In the New York Times Book Review, Judith Newman reviews Ian Frazier’s laugh-out-loud funny book, The Cursing Mommy’s Book of Days — the year-long diary of the fictional character he made famous in his New Yorker pieces. Frazier’s character writes a local advice column, conveying helpful household hints that somehow always produce catastrophes for her instead, which she then generally blames on … the Bush administration.
Demonstrating the proper use of a hammock, she becomes entangled as it spins in one direction and then another, finally depositing her in a clump on the ground — which she blames on the eff’n goddamn hammock lobbyists who “pushed this goddamn hazardous hammock through Congress with the help of the Bush administration.” Explaining the use of a new travel suitcase with multiple compartments and zippers, she gets caught in the zippers, ultimately destroys the bag — and blames it on the eff’n Bush administration, “when suitcases in this country started going to shit!” Early in the year, the Cursing Mommy’s book club is reading Why the Bush Administration REALLY Sucks, and she records in her diary that:
“Gail had suggested the group read it, and I had seconded the suggestion, despite some of the other book group members saying that the subject is somewhat out of date. Gail replied that we’ve read other books with the same basic theme and always enjoyed them, but there were so many that we never had time to get to this particular book … In book group, we believe it is the responsibility of each and every citizen to keep herself informed.”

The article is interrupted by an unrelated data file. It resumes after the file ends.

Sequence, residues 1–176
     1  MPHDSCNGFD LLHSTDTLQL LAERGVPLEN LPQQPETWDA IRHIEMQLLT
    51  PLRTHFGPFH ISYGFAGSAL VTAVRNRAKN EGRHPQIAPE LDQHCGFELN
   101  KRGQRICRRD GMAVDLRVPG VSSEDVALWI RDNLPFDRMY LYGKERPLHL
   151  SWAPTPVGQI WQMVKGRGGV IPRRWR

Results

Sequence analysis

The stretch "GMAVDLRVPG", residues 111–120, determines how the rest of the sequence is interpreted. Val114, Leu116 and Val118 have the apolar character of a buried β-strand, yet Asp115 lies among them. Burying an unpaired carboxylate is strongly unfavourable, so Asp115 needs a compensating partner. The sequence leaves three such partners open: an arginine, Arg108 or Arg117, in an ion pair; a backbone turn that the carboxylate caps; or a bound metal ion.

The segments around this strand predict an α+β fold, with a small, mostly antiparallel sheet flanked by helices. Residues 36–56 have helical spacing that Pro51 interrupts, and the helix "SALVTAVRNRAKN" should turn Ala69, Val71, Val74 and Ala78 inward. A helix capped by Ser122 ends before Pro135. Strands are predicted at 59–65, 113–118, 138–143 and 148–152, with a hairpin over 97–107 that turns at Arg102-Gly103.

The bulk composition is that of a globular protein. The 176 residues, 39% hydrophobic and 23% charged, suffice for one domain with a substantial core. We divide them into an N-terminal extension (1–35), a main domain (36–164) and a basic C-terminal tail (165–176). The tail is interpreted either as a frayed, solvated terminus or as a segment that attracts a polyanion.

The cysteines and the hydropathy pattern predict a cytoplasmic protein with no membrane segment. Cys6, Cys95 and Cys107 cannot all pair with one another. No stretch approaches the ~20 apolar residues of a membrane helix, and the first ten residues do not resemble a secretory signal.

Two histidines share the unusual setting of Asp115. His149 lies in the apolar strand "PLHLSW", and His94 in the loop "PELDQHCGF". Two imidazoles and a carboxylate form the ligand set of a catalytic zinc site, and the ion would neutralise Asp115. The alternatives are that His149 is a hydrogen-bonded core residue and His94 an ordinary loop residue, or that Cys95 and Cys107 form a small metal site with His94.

Newman describes the Cursing Mommy as “a comic-strip heroine for the chattering classes” — someone who “can’t help telling the truth as she sees it,” and “her truths are our truths.” Newman praises Frazier as a humorist who does “more than make us laugh,” imbuing his book with “serious intent” — to show us that (in Newman’s words) it is “far better, and funnier, to rage against these [little] things than the things we can’t control, which is just about everything.”
I think Newman mistakes the nature of Frazier’s “serious intent,” and the book is funnier than she realizes. Imagine if the Cursing Mommy were president — proposing panaceas such as “stimulus” or “investments” or “green jobs,” each one exploding like a cigar from the Acme Company, and blaming each failure on the eff’n Bush administration. The surest sign of success of Frazier’s satire is that the reviewer for the New York Times thinks it is a heroic portrait of someone like herself.